Fortunately, OU boasts a recruiting class brimming with potential at the position. Trey Metoyer, the gem of the class, made noise early, logging six receptions for 72 yards at the spring game. He, along with Durron Neal and Courtney Gardner, highlights a highly athletic group of incoming wideouts that could see immediate playing time behind top wideout Kenny Stills.
Additionally, the recent transfer of Jalen Saunders, a former Fresno State player who earned first-team All-WAC honors in 2011, should help.
Given the shakeup at the position, early contributions from these freshmen will be necessary for the Sooners to maintain their offensive prowess.
Entering his senior season, Landry Jones remains an enigma. At times he's looked like the best quarterback in Oklahoma history, like when he threw for a school-record 505 yards against Kansas State in 2011, and at other times he's looked utterly confused, like in the 2011 Bedlam Game, which saw him commit four turnovers.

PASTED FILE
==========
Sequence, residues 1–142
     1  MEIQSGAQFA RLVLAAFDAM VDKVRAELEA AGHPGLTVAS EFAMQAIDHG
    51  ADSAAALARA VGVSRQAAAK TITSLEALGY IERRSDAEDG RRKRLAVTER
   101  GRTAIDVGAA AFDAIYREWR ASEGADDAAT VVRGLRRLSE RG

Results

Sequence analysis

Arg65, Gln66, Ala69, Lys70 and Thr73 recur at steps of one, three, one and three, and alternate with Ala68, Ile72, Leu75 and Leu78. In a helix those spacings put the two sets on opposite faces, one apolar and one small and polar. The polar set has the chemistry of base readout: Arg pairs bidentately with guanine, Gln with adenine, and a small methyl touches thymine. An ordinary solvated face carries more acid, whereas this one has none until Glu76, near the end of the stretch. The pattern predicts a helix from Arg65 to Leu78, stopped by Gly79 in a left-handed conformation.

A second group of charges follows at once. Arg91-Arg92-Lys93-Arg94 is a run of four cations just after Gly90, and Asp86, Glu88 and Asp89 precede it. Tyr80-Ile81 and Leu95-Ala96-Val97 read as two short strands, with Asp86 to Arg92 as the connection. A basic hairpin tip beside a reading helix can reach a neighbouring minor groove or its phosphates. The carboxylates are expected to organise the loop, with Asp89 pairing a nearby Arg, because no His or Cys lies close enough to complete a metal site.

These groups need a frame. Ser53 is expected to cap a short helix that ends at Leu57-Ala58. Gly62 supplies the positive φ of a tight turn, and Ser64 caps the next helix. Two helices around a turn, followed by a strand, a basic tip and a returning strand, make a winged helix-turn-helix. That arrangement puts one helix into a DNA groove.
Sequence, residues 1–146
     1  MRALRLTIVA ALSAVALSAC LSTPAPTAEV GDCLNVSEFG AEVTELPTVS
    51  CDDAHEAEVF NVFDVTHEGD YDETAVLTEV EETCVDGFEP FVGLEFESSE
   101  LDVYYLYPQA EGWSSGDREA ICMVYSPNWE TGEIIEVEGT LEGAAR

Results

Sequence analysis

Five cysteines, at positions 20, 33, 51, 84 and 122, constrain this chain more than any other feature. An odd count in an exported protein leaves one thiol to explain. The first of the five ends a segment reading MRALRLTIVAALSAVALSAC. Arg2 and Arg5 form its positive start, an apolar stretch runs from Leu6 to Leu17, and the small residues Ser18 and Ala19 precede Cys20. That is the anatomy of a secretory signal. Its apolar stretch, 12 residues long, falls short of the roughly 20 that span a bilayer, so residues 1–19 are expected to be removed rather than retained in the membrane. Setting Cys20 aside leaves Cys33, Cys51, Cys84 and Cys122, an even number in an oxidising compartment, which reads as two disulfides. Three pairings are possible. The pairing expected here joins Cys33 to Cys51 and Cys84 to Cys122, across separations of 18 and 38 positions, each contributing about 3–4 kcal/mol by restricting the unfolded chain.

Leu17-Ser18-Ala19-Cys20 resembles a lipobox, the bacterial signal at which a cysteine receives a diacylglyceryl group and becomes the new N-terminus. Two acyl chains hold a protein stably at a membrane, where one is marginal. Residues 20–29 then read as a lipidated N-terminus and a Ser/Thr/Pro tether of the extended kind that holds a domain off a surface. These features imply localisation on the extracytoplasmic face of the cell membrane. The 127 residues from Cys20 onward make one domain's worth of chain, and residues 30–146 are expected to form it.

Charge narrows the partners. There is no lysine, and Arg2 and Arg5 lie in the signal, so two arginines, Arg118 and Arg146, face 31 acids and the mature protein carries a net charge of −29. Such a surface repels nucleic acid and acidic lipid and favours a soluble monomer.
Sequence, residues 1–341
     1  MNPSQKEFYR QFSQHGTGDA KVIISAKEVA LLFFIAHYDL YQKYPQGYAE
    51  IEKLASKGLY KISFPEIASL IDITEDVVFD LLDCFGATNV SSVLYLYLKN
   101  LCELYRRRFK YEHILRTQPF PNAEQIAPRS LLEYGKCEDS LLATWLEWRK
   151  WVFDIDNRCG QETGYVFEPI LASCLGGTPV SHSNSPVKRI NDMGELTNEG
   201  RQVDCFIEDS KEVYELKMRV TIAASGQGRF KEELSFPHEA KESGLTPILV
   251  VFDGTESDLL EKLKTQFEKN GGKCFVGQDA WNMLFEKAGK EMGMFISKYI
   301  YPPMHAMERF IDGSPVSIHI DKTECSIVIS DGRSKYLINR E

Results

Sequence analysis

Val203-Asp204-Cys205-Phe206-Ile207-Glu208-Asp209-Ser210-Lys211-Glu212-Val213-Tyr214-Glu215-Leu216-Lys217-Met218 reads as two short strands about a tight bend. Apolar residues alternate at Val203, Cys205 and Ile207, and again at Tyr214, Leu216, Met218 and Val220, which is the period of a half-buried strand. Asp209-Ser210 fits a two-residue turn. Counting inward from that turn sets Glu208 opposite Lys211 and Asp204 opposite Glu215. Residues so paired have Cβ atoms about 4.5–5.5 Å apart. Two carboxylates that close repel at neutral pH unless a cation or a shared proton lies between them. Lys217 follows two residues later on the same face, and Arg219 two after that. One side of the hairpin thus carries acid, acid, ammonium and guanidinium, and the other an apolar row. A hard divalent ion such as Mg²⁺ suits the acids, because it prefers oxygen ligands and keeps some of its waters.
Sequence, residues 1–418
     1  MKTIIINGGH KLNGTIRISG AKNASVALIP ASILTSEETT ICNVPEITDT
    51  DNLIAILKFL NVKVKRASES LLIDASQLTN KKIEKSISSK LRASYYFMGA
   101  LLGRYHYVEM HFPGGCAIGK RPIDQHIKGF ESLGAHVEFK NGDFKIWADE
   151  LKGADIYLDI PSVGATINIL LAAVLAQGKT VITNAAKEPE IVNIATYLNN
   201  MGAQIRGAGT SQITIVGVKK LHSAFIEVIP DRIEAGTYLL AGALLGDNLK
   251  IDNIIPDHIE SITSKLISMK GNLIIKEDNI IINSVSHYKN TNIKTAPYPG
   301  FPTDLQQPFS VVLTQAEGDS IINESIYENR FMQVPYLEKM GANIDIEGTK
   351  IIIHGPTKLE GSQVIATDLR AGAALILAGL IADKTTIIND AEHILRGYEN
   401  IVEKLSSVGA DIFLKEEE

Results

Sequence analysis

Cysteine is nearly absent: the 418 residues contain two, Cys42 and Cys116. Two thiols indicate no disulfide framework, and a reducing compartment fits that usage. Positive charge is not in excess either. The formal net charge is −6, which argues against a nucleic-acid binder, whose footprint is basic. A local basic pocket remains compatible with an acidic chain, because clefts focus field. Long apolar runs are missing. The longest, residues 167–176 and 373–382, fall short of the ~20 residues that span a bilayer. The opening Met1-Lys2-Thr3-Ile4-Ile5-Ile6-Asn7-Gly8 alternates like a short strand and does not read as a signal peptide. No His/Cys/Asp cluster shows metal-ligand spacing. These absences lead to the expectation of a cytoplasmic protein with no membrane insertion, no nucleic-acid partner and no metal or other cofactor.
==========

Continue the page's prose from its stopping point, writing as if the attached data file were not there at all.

Jones' final season leaves him a golden opportunity to go out on a positive note by leading his team to a conference championship and competing for an eighth national championship. If he does so, he will secure his place in the pantheon of Oklahoma's greatest quarterbacks.
But to do this, he must be more consistent. That means eliminating turnovers (he had 15 interceptions in 2011), distributing the ball to a variety of receivers and exhibiting poise and grace under pressure. Doing so will be imperative as the Sooners offense develops over the course of the season.
Walk-on phenom Dominique Whaley dazzled at tailback in his brief 2011 campaign, but beyond that the Sooners' rushing attack was mediocre last season. To be a well-rounded and complete offense in 2012, OU would be wise to strengthen its rushing attack.